Scary movies were never scary to me, because they just weren’t. Sure, a few had their moments of suspense, but really, I was never, ever downright terrified.
Okay, that’s a lie. When I was six or seven I watched Stephen King’s It and I will never, EVER like clowns. But I was much too young for a movie like that. And since, nothing scared me. I actually rather enjoyed horror.
That was until I saw Paranormal Activity. The movie itself was low budget and gimmicky, and reminded me of a terrible version of an M. Night Shyamalan flick. The suspense built nicely, but it was all fake, and I knew it.
But there was something about
the camera in the bedroom.
It was unnerving, but okay. I chalked it up to the shadows of the hallway and stairwell.
Yet it still bothered me. And then it was the ending that made me feel my first extreme anxiety attack in years.
You see, I wasn’t pregnant. I didn’t have my son yet. It wasn’t until after he was born over a year later that I started to understand what bothered me so much about that movie.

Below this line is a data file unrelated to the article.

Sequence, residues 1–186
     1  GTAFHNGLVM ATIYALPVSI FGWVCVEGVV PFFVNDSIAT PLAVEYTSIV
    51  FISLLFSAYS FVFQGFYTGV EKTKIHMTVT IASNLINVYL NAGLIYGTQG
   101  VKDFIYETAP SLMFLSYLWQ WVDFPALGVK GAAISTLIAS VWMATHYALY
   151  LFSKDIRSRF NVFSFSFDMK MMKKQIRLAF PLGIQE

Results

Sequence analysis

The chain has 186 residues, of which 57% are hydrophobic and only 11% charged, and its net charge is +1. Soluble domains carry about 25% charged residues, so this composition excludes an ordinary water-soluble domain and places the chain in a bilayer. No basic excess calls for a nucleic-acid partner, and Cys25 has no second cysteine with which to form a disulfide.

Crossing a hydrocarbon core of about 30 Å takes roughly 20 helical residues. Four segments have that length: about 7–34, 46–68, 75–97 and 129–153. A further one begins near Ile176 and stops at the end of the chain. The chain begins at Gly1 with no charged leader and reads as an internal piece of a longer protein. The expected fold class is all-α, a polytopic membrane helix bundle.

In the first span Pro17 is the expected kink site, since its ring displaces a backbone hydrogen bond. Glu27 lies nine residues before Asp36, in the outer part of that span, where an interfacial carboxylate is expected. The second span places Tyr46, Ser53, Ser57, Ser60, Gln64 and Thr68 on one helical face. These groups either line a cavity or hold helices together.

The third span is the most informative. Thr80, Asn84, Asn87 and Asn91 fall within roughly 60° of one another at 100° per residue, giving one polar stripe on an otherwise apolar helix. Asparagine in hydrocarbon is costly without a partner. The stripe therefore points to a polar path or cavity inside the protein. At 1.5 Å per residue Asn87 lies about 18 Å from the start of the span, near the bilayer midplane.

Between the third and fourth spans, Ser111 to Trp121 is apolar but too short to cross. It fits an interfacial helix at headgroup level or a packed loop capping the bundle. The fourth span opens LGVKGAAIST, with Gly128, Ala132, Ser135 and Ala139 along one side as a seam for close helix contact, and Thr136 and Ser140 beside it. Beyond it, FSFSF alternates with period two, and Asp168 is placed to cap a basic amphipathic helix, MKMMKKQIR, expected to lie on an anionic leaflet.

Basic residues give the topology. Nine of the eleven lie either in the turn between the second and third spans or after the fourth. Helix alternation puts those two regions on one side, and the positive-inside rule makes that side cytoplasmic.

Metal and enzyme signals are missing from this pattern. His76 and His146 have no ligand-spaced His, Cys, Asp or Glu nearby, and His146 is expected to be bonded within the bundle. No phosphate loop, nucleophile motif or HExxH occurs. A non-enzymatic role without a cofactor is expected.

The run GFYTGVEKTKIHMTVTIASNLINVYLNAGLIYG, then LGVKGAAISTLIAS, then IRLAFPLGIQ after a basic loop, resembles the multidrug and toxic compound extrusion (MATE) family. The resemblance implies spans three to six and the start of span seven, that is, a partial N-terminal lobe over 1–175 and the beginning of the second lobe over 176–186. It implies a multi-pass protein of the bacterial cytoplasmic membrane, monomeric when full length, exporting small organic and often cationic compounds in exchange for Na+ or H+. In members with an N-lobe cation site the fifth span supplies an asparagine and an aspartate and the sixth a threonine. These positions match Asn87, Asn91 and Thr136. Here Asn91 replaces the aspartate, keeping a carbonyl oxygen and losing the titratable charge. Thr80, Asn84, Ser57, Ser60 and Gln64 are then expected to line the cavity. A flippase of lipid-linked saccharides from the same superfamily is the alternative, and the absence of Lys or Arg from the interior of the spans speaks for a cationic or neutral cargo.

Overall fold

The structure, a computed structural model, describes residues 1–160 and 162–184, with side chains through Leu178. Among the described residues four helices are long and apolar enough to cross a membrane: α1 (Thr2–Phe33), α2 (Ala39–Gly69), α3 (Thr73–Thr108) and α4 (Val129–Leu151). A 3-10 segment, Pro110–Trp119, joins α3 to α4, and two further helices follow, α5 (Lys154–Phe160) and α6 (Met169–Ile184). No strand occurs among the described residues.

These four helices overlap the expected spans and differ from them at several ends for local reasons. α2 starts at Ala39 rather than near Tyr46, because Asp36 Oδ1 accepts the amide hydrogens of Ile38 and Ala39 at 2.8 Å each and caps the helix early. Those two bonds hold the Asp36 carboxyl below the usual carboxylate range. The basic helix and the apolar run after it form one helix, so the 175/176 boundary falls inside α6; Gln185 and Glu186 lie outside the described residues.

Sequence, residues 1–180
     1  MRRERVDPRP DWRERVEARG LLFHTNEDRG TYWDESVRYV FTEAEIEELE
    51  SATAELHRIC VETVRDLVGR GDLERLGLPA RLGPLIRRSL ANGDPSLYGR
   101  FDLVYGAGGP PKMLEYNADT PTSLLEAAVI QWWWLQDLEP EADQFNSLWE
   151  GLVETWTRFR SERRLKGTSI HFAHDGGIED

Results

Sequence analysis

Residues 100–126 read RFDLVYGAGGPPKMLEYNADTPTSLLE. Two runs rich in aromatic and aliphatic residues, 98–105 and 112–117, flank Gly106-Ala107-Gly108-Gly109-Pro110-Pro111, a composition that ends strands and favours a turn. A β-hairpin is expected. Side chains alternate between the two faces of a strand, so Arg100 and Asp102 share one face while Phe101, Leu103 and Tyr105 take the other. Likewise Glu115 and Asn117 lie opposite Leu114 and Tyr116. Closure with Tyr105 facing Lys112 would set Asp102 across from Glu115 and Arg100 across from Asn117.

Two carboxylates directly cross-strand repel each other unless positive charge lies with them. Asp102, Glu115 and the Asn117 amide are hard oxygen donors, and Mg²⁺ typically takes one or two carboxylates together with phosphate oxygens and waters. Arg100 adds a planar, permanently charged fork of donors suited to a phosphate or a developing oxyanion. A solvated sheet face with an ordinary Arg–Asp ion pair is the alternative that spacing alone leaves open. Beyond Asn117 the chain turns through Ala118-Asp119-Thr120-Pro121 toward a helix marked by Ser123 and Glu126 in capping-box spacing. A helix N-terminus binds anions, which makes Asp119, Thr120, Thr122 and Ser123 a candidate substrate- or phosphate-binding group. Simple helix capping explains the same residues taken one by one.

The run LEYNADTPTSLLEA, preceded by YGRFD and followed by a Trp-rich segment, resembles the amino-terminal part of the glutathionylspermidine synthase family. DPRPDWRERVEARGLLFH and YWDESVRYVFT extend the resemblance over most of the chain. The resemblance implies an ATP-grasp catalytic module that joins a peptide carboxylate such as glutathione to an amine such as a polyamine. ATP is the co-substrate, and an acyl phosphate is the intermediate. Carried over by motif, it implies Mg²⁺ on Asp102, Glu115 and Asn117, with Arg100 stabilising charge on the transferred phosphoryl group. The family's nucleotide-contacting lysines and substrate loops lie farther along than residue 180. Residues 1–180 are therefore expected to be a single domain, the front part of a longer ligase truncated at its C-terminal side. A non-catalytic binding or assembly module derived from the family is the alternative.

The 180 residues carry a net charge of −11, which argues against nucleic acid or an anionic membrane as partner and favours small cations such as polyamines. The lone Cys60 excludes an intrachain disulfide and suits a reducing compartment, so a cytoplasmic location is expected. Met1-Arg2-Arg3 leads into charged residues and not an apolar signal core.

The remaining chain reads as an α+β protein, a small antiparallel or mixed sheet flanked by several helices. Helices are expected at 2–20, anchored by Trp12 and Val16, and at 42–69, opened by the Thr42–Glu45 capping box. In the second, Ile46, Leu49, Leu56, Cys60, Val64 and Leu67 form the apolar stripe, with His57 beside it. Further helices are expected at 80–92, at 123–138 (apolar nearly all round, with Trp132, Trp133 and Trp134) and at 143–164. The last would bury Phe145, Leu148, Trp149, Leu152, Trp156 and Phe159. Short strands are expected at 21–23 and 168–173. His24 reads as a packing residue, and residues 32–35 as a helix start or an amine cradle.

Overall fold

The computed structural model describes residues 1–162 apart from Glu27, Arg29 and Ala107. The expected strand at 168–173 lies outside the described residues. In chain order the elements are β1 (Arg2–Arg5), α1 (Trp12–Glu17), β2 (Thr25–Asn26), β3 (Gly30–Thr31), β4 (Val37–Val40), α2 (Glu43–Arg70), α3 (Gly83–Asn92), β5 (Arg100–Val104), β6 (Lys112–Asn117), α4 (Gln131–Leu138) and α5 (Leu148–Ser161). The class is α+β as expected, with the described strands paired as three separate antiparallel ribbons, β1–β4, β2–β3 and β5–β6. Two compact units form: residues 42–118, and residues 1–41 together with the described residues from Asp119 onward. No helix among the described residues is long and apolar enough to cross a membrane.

It spoke to something else. Something I didn’t know about until after he was born.
The ending of that movie nearly scared me to death, yet I didn’t have a clue why. I couldn’t even think about it without getting so scared my pulse tripled and I broke out into a sweat, among other things I couldn’t even begin to understand.
I don’t know what exactly triggered those memories to come back, but they did. And to this day I still cannot watch that movie — let alone think about it in detail — without causing my anxiety to skyrocket and send me into a spiral of flashbacks.
Come to find out, stomping, erratic footsteps coming up the stairs is one of my biggest triggers.
That was always how I knew he was coming. And I always sat across from the door, staring at it, as if I might see through it. Hoping against hope that for once, he might just go to bed, instead of turning down the hallway and coming straight for me.
I remembered that much.
I remembered the beatings. The punishments. But thought I passed out after. Or something. What came after was always an unknown to me.
But I remembered. I was wrong. I didn’t pass out. It was so much worse.
Now, I remember most of it. What happened after I checked out. Disassociated.
And I think I will always fear the sounds of ominous footsteps coming up the stairs.
© Sarah Doughty